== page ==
Science Museum


Of all of the venues this week, the Science Museum is the one that I come to the most.  Many times, I’m not coming for the exhibits.  I go there to chaperon the prom.

Today I was there to learn about what the Science Museum can offer my students and other educators.  The focus of this museum is discovery.  There are no guided tours.  The exhibits are interactive.  There are also different stations where volunteers are there to assist in doing various experiments and demonstrations.  All age levels can find something of interest at this place.

There are a variety of things that are offered to assist schools.  One is called the Science House.  It’s a resource center for educators.  You are able to borrow sets of bones, talk with a specialist about integrating something into your curriculum, attend workshops, and many more.  Just click on the link to check it out for yourself.  I know that my district is a member because one of my science teacher buddies uses this resource extensively.

They also have something called The Big Back Yard.  It’s mini-golf.  At each hole is a different learning experience.  September 20 – 30, 2011 it will be exclusively for school groups.

While we were there, we did an activity.  It was called Up Close and Personal.  Now I’m thinking about how to incorporate sketching into my math activities.  We also needed to ask questions about what we sketched.  So often we focus on getting answers.  This activity focused on the questions.

All of these years, I’ve been going to the Science Museum and paying for admission.  Guess what?  Teachers (or any school district employee) get in FREE!  Even the omni movie is FREE!  Special exhibits, however, are not.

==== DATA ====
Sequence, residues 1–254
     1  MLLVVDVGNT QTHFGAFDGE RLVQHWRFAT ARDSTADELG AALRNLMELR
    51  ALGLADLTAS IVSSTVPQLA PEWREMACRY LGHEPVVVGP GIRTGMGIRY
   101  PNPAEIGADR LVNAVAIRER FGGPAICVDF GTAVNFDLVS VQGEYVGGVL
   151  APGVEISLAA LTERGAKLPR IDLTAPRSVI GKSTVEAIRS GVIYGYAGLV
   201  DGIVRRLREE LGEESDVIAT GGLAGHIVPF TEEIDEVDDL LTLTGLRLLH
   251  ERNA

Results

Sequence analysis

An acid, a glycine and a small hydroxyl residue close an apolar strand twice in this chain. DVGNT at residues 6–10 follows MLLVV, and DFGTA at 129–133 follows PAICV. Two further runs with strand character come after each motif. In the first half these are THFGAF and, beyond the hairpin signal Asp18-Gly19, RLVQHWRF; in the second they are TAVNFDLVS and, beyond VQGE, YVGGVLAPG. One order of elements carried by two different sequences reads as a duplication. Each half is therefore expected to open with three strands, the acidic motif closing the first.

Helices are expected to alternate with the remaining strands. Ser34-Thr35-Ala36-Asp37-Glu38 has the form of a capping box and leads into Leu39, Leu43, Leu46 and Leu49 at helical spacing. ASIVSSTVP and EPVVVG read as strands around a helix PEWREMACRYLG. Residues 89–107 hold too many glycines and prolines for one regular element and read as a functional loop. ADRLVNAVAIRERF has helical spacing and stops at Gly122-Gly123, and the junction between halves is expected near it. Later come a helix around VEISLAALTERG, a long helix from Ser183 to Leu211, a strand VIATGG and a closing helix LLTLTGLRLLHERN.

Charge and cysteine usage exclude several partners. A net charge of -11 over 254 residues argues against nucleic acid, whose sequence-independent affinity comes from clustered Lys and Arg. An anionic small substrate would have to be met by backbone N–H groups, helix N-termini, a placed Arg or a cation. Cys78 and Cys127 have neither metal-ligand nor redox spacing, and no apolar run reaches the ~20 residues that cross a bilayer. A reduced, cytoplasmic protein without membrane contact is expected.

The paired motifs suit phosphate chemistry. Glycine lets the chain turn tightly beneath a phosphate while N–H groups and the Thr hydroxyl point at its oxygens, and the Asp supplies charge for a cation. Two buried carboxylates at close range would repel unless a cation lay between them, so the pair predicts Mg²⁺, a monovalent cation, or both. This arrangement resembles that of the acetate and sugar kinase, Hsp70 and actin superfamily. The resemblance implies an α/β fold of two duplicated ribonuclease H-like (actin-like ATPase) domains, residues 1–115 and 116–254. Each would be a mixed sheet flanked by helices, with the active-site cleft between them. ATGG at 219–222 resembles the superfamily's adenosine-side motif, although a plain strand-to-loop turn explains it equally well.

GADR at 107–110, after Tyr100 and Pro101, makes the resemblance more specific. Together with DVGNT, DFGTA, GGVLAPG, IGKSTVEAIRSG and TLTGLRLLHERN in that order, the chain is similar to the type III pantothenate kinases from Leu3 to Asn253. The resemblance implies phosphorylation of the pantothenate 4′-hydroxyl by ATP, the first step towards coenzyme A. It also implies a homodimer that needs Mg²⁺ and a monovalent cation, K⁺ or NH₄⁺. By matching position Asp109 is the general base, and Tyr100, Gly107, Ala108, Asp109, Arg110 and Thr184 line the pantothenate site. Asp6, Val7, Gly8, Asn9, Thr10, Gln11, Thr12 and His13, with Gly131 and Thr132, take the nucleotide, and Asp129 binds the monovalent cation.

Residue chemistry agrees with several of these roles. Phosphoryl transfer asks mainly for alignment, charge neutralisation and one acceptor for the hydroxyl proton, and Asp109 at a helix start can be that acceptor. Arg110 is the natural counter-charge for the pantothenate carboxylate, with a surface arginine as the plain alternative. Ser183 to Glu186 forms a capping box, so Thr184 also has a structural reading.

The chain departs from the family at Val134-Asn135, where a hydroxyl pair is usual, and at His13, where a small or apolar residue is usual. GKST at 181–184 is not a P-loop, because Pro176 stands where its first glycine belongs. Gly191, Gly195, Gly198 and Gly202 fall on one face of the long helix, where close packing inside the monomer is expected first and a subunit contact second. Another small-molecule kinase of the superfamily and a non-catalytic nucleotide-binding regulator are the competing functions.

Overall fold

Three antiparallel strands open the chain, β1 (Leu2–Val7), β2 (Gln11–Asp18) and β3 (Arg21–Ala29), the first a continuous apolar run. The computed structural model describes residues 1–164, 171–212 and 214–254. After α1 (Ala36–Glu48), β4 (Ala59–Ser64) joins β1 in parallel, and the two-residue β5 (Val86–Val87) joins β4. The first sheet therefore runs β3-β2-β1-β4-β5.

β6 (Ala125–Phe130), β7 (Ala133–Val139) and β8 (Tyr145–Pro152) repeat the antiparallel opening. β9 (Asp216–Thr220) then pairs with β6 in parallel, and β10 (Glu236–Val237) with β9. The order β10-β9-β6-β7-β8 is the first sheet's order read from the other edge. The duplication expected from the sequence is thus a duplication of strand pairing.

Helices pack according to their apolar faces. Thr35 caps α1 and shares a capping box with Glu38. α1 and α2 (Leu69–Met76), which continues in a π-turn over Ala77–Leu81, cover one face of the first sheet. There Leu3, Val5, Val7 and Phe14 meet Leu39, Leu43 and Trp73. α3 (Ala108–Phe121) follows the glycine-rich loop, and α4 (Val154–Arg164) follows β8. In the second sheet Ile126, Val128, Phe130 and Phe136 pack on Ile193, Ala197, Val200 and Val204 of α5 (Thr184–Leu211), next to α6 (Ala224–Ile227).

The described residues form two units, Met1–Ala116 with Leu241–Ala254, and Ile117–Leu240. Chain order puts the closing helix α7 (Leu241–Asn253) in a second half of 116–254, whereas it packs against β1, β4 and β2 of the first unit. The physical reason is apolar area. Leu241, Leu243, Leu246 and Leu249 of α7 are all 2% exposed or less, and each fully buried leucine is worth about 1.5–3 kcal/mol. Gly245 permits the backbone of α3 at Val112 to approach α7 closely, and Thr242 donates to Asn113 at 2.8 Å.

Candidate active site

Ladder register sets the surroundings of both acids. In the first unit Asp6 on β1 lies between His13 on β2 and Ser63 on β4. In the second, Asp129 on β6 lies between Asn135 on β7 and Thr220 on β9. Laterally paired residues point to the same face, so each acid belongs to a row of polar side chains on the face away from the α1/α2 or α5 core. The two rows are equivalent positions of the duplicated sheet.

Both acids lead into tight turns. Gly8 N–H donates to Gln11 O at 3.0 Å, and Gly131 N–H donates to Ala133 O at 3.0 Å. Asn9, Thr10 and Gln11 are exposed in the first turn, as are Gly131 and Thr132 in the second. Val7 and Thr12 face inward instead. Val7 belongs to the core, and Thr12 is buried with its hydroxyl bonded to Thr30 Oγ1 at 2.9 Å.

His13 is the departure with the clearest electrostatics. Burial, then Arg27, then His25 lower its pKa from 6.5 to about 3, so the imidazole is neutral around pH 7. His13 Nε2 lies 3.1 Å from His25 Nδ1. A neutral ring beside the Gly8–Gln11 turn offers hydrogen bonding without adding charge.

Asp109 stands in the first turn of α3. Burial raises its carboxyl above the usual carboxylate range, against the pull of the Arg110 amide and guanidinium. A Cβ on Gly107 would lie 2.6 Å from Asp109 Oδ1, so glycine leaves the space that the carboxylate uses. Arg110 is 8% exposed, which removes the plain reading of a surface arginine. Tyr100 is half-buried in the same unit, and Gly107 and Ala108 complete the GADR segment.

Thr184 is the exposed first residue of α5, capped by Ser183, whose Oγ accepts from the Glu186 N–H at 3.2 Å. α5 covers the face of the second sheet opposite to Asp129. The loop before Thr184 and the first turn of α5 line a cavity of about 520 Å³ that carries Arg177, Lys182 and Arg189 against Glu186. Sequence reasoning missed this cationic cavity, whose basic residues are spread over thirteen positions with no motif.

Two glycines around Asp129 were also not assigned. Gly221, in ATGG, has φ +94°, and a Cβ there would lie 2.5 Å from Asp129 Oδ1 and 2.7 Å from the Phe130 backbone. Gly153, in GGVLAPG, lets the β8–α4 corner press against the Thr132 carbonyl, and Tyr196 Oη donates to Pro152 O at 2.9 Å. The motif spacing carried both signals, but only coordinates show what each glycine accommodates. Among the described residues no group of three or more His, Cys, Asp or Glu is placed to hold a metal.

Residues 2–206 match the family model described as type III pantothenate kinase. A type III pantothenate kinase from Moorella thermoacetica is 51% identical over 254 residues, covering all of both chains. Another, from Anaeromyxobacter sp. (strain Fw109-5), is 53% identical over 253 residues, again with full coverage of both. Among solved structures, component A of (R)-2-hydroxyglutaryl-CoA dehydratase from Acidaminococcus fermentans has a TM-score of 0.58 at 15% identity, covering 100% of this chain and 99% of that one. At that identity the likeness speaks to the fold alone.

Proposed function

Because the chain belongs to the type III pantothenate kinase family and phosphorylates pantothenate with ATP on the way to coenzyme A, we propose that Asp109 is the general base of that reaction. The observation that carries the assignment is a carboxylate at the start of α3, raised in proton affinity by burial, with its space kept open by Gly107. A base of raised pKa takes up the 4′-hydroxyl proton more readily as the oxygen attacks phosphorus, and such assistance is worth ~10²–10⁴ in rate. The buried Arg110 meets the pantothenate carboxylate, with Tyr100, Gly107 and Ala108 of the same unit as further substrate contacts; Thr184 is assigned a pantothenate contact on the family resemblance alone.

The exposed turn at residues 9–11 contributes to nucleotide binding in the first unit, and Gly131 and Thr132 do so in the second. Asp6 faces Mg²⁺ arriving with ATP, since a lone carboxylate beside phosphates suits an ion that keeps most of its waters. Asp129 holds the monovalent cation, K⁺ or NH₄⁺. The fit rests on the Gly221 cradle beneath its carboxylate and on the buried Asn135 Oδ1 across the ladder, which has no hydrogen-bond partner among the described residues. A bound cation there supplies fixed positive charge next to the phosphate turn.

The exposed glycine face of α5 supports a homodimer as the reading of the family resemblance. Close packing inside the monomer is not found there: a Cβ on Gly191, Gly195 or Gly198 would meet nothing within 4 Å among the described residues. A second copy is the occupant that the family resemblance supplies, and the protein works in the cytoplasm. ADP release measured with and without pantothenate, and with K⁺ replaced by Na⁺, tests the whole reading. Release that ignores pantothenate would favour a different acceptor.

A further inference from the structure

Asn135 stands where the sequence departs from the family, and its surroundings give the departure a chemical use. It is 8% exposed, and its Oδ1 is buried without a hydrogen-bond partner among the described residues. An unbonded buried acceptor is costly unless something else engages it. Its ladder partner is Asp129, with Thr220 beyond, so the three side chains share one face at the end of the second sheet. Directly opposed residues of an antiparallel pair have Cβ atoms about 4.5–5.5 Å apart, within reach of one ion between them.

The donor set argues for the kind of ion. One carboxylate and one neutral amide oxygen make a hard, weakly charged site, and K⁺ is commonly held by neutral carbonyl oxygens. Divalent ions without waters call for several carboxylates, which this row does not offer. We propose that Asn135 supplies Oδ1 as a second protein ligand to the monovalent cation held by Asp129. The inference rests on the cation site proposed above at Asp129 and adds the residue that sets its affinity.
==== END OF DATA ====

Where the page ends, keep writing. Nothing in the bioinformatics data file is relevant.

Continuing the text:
After our session, we were given time to explore on our own.  I figured that I could come back any time for free.  So I decided to see the special exhibit.  Right now it is Tutankhamun: The Golden King and the Great Pharaohs.  I don’t think that in the past I’ve noticed the different faces.  It was interesting for me to look at the differences between Ramses, Amenhotep, and the rest of the gang.  They also showed a lot about Howard Carter discovering the tomb.  At the end of the exhibit there was a replica of the body of King Tut.  The information on the walls showed the various discoveries they have made as technology has gotten better.  The latest has been DNA testing.

The Science Museum of Minnesota is a great resource for teachers.  Students like all of the exploration that is available.  Of all of the sites we’re visiting, this is the place that I was most familiar with.  But there was still a lot more information to learn!  I’m sure I will be frequenting this museum even more often!


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